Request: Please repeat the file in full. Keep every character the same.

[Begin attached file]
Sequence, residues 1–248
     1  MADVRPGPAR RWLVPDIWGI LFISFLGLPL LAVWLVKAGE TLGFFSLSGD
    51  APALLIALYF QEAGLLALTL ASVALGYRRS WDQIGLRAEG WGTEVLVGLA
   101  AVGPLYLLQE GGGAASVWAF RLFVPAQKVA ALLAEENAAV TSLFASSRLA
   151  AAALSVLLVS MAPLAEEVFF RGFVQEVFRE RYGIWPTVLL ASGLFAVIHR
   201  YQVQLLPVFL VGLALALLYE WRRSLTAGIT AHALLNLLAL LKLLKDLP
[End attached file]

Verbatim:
Sequence, residues 1–248
     1  MADVRPGPAR RWLVPDIWGI LFISFLGLPL LAVWLVKAGE TLGFFSLSGD
    51  APALLIALYF QEAGLLALTL ASVALGYRRS WDQIGLRAEG WGTEVLVGLA
   101  AVGPLYLLQE GGGAASVWAF RLFVPAQKVA ALLAEENAAV TSLFASSRLA
   151  AAALSVLLVS MAPLAEEVFF RGFVQEVFRE RYGIWPTVLL ASGLFAVIHR
   201  YQVQLLPVFL VGLALALLYE WRRSLTAGIT AHALLNLLAL LKLLKDLP